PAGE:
More than 150 Indian nationals are believed to be trapped in Myanmar after being enticed to move abroad for high-paying roles as "digital sales and marketing executives."
Pig butchering scams have become devastatingly common in crypto — victims are befriended online, and then encouraged to invest their life savings in fake investment schemes.
Now, the Indian government has shed light on those involved in orchestrating these scams — and in many cases, they're victims themselves.
More than 150 Indian nationals are believed to be trapped in Myanmar after being enticed to move abroad for high-paying roles as "digital sales and marketing executives." Many of them are young, and highly skilled in IT.
But after traveling abroad, their movements are limited — as well as access to their phones. Officials claim they're then forced to engage in scamming and crypto fraud.
Fake Facebook, Instagram and Twitter accounts are often created on their behalf — usually with the name and photo of a Chinese girl — and they are told to start befriending wealthy individuals in the U.S. and Europe.
All of this suggests that some of those engaging in pig butchering scams are doing so against their will — and themselves are victims of human trafficking.
Indian government officials say some of those caught up in these illegal operations have only managed to secure their release after paying a ransom of up to $7,000.
A staggering 32 Indian nationals have already been rescued from Myanmar — but there are fears that dozens more may need help.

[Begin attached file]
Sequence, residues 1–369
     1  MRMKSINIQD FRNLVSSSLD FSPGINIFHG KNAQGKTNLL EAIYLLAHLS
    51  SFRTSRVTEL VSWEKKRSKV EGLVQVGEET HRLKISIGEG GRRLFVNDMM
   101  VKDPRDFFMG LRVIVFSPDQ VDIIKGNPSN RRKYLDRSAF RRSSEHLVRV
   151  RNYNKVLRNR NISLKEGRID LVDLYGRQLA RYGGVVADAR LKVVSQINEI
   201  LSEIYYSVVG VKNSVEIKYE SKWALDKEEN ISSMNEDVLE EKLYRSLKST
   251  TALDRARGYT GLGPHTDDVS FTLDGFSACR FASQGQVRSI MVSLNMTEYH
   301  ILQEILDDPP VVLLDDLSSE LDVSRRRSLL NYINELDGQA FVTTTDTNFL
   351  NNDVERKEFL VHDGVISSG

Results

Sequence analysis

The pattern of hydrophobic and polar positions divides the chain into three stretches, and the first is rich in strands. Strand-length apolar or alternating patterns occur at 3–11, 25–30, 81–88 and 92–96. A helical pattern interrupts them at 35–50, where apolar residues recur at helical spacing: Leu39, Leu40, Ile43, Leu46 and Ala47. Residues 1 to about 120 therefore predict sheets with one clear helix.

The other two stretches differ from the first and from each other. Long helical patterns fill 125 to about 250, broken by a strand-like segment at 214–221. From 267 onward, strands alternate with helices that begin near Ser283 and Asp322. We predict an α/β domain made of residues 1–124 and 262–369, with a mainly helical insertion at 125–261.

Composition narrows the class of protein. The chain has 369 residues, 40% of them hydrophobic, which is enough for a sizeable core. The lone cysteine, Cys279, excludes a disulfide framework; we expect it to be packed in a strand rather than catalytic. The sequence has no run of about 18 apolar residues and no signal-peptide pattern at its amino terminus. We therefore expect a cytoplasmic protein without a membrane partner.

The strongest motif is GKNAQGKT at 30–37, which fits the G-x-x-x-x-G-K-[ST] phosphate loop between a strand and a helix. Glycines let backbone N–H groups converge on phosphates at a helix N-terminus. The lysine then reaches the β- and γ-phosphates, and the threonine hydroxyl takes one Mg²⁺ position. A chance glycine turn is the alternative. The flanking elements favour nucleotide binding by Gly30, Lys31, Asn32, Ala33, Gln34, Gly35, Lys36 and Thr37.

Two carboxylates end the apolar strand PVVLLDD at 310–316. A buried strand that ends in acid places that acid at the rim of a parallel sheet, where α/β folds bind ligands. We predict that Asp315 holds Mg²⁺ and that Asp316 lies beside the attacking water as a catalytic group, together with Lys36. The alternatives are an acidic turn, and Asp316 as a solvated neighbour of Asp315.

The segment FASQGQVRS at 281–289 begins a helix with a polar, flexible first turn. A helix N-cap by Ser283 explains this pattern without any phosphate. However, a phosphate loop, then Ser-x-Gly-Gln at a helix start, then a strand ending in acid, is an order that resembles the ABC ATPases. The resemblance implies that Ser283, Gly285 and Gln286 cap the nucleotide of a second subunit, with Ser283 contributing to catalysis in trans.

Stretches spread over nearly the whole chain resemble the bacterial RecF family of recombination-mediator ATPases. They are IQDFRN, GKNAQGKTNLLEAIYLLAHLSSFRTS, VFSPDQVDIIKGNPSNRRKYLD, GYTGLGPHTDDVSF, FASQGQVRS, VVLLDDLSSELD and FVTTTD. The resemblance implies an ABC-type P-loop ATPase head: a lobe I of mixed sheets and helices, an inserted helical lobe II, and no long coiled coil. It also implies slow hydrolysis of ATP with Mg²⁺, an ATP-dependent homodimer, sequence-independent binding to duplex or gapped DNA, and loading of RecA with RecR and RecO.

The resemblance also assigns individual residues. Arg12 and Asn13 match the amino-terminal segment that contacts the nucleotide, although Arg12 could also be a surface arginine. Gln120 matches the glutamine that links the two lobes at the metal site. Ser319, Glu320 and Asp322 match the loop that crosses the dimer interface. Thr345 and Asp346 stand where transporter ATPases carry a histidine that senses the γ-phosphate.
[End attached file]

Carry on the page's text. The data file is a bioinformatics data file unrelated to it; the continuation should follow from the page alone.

Some of those who are now safely back home say the camps were guarded by armed groups. Several Indians were also there voluntarily — and being paid handsomely in order to recruit others through fake job ads that masquerade as legitimate trading platforms.
Cy's story was revealed in devastating detail by Forbes, which obtained 271,000 words of WhatsApp messages between him and his attacker.
The 52-year-old was contacted out of the blue by a woman called Jessica who claimed they were old colleagues — and as the conversation turned friendly, he felt comfortable enough to talk about his financial difficulties and ill father.
It took just two months for Cy to be duped out of a seven-figure sum — and to make matters worse, a quarter of it was borrowed.
That report chimes in with what Indian officials are saying, as it noted there's evidence that the scammers themselves are victims of human trafficking who have been lured to unfamiliar countries with the promise of a better job. Their passports are then seized — and they're threatened with violence unless they start targeting innocent consumers.
Although he has contacted his local police force in California, Cy says they lack the resources to investigate cryptocurrency crimes.
He has tried to message Jessica repeatedly — even offering her help if she is a victim of human trafficking — but her WhatsApp has now gone quiet.